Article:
As you may know each year I carve a pumpkin with designs from antiquity (see here for a recent article I did which includes a how-to guide). It gets difficult each year to find something which is both within my capabilities and will work.
A curious Etruscan plate.
The design this year was taken from an Etruscan plate which dates to circa 520 BC and features a very interesting character in the centre.
The scene orbiting the centre of the plate is suggested as Hercules pursuing the centaur Nessos. However, what the creature is inside the centre isn’t clear. One suggestion made to me was that it could be Calu, an Etruscan deity associated with the Underworld. The trap to fall into would be to consider it wholly within the context of a werewolf, or rather what we recognise as a werewolf.
Much of werewolf lore was created in early cinema, for example the full moon being a trigger (after all this helps create tension in the story as the camera invariably pans to a moon creeping out from behind some clouds). In some of the Night of the Livy Dead episodes I go into this more, including why the half man half wolf setup developed (I think that’s in the first one I recorded). In short it’s not as simple as retrospectively marking this figure out as a werewolf, tempting though it might be.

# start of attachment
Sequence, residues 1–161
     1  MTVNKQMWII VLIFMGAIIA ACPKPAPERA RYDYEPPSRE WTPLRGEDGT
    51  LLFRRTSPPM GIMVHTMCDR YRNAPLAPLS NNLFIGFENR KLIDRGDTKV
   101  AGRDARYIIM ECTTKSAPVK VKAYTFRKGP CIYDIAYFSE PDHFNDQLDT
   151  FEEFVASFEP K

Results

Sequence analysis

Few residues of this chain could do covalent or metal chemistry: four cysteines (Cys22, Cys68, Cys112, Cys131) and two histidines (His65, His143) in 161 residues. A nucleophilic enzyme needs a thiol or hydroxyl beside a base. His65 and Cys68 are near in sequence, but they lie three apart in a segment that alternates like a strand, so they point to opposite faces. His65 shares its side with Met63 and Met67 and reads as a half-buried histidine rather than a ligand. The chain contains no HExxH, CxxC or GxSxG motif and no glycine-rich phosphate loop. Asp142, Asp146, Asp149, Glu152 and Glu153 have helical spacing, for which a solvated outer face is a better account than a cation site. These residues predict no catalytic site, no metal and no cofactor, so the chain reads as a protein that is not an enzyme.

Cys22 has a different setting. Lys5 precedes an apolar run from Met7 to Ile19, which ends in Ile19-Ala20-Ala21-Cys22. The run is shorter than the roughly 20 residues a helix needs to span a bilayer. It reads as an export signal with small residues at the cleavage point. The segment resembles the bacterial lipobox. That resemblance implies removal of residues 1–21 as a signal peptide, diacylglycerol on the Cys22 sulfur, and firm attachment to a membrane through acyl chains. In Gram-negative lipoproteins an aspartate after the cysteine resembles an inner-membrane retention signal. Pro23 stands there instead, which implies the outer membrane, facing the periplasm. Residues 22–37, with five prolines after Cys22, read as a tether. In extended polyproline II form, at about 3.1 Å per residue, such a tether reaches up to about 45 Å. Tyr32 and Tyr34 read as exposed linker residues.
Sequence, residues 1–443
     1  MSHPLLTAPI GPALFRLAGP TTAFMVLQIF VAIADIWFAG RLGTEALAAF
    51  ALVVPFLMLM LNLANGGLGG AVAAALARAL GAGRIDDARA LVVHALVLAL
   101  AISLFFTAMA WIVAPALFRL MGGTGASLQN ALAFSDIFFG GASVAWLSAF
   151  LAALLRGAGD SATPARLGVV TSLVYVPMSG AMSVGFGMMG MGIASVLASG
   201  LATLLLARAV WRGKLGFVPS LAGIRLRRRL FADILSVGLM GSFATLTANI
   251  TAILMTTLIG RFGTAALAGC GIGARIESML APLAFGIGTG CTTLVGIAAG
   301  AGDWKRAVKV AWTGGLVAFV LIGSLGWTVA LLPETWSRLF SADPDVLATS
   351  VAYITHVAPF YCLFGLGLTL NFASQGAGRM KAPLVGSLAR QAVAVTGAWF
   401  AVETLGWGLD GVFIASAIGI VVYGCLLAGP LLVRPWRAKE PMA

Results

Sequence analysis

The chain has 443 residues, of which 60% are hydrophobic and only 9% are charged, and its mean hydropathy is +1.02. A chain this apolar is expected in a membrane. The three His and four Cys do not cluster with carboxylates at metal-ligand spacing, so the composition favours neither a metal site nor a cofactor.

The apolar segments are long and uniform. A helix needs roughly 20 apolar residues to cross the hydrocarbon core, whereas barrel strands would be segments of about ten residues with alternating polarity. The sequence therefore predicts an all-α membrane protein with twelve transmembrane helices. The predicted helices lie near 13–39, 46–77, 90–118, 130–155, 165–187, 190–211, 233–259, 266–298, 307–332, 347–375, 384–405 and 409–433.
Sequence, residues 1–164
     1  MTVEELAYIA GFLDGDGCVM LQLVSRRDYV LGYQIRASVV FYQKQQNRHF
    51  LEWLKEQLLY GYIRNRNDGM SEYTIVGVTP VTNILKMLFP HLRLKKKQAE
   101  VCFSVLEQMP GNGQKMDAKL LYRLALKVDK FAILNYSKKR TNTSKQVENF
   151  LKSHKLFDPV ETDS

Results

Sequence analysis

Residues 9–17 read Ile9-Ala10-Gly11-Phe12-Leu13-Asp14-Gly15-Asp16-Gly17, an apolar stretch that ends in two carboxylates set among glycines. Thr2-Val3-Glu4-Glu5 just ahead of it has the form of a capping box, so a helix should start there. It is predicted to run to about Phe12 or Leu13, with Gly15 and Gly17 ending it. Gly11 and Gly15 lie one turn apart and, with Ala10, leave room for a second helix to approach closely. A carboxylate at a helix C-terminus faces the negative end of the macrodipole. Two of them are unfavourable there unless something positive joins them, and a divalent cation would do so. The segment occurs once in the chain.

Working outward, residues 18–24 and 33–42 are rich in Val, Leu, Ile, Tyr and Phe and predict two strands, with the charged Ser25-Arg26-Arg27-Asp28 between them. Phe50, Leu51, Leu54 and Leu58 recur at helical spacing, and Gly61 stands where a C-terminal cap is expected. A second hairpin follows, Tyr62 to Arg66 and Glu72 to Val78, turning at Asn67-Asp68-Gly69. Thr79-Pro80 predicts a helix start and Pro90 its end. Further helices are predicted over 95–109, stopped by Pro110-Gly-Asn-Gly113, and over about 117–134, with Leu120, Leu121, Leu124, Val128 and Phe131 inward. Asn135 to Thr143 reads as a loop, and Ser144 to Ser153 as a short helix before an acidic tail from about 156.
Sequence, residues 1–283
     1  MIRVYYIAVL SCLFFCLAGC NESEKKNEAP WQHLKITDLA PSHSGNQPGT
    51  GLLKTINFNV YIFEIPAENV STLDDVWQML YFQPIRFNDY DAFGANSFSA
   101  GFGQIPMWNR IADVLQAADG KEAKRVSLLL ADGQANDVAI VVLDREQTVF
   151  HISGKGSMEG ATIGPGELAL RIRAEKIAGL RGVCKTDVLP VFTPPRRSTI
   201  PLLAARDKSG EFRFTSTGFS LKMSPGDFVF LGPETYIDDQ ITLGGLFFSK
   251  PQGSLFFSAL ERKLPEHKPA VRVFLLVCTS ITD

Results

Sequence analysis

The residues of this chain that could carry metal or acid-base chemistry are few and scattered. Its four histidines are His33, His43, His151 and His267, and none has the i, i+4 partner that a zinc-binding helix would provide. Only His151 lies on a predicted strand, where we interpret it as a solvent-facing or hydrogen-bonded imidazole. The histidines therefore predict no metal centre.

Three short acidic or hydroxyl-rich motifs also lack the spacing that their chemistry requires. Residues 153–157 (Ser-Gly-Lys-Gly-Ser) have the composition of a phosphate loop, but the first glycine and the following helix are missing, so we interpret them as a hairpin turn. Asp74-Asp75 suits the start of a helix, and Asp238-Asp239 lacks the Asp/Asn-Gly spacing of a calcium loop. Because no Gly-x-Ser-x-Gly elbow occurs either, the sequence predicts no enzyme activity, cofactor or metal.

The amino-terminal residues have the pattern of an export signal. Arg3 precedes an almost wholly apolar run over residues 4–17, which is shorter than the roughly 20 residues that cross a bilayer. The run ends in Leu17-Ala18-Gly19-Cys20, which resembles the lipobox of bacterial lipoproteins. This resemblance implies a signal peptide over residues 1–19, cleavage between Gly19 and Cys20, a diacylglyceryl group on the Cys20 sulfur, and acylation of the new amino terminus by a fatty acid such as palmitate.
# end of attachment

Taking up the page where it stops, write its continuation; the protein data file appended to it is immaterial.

The Etruscan Pumpkin.
It turned out ok, the detail of the fur on the plate image wasn’t something I appreciated until I was carving. It adds a flow to the creature as the lines move in different directions, in a sense allowing you to see how it is turning. Every time I do one of these I realise how clever and skilled the artists were.
Though you might like to see how it appeared when I switched the lights on (and off).